Suddenly everything has sprung into life again after the winter. There have been some successes and a fair few casualties, probably as a result of the long periods of cold and soggy conditions rather than sharp frosts. Slowly it’s becoming clear what has survived the winter and what hasn’t. There have been some highlights through the late winter and early spring in the form of the hellebores, the early flowering Japanese Quince and a delightful surprise in mid-December in the form of a valiant Clematis flower.
The new bulb border has been very successful with early irises, crocus, daffodils and grape hyacinths providing interest during the dull days of February and March. These were followed by the spectacular snakes head fritillaries – with plenty more still to look forward to with two types of alliums.
As the garden becomes a little bit more established, I have had to admit defeat in one or two areas and also made some quite tough choices on plants that, frankly, don’t earn their keep. After all, in such a tiny space everything needs to pull its weight!
Of the three foxgloves I planted last year, two have decided to call it a day. One lavender of the three which graced the steps last year so beautifully has also gone to a better place, and been replaced by a rosemary. Also to the right of the steps two of the alpines I was hoping would spill out to soften the paving stones have been trampled by inconsiderate and very overweight pigeons – something to do with their position just under the bird feeder no doubt.
However, hope springs eternal and I have planted two more alpines – a Phlox and a Cerastium – further down.
One of my Sempervivums (house leeks) was also trampled on – unfortunately I was the culprit this time – one of the drawbacks of having to balance on stones to reach other plants!
Also sadly no longer with us: the Agastache that was so magnificent last year and the new Verbena Rigida. Enquiries at the nursery revealed that these two are only “semi-hardy”, so I’m not taking this personally. I have decided to try again, so new plants are on order.
I also took the decision to jettison the Vinca Azurea. It was perfectly healthy but in the end it is just a boring ground cover plant and I didn’t think it merited a seat in the front row. I have split the plant into several pots and hope to pass these on to some friends who really do have ground to cover!
The good news…
…. is that I now have gaps to fill!
I have added two more Scabious as these were among my favourites last year, great “doers” and beloved by bees and butterflies.
I’ve also taken the plunge with two Delphiniums (Excalibur Light Blue), despite dire warnings of the slug threat. Forewarned is forearmed, so I purchased some copper bands and a six-pack of best bitter. They love it! I have harvested quite a haul of sozzled slugs, and not a bite out of my precious delphiniums to date.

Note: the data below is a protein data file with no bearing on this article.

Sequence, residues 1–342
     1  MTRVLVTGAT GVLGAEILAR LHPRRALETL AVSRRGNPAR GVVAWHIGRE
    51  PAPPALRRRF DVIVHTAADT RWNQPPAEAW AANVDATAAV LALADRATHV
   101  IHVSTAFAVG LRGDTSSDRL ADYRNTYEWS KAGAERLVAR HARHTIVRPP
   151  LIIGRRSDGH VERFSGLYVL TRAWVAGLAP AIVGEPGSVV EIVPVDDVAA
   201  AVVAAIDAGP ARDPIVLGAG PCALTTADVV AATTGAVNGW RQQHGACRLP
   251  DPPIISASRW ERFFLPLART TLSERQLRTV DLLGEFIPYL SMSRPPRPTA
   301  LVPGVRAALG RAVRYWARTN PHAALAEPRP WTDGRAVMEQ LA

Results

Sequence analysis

Two other newcomers: a Salvia Pratensis at the back by the top wall and a delightful pale blue Phlox Divaricata in two of the gaps.
Spring jobs in the garden
The roses and climbers have all survived the winter well, and I’ve added some more canes and wires to make sure they cover the fence neatly without going too wild.
Once the first sunlight came down into the garden in early March, it was time to trim back the dead wood which had been protecting the plants against wind rock over winter.
By mid-April, my thoughts turned to my summer wall baskets and summer bedding plants. As I have no over-wintering facility, it’s a fine balance to get this just right. Leave it too late and the available plants are too big to push through little gaps, too early and of course there’s a big risk of frost.
The answer – bubble wrap! I planted up my baskets and kept an eye on the forecast. Any low temperature warning sent me scurrying out to cover over my young plants. So far, so good.
I loved the herb wall last year, and I’m going to make this is a regular feature of the garden. Last year’s plants had all become too woody so I turfed everything out and started again – this time with more of the things I use most, parsley, mint, coriander, oregano and chives.
I’ve also decided to definitely go ahead with my idea of a few choice edible plants, so will be attempting a couple of courgettes and tumbler tomatoes in my two large pots.
These plants are sitting on my window sill being fed and talked to until it’s time to put them outside.
Not a lot to report to report here except for one very exciting event. A wren nesting in the robin box! I hardly dared go out as I watched the pair building, and I managed to get some pictures, not great quality as they flit in and out so quickly.
Sadly, a neighbouring cat decided to take up a surveillance position on the trellis above so after a few days, they took fright and abandoned ship.
Other than that, there’s been a lot of bee activity already since early in the year, and baby blue tits have been enjoying the sunflower kernels.
It’s also been interesting to keep an eye on the bee hotel – most guests have now checked out so it’s nearly time for a spring clean.
All in all, not a bad start to the gardening year…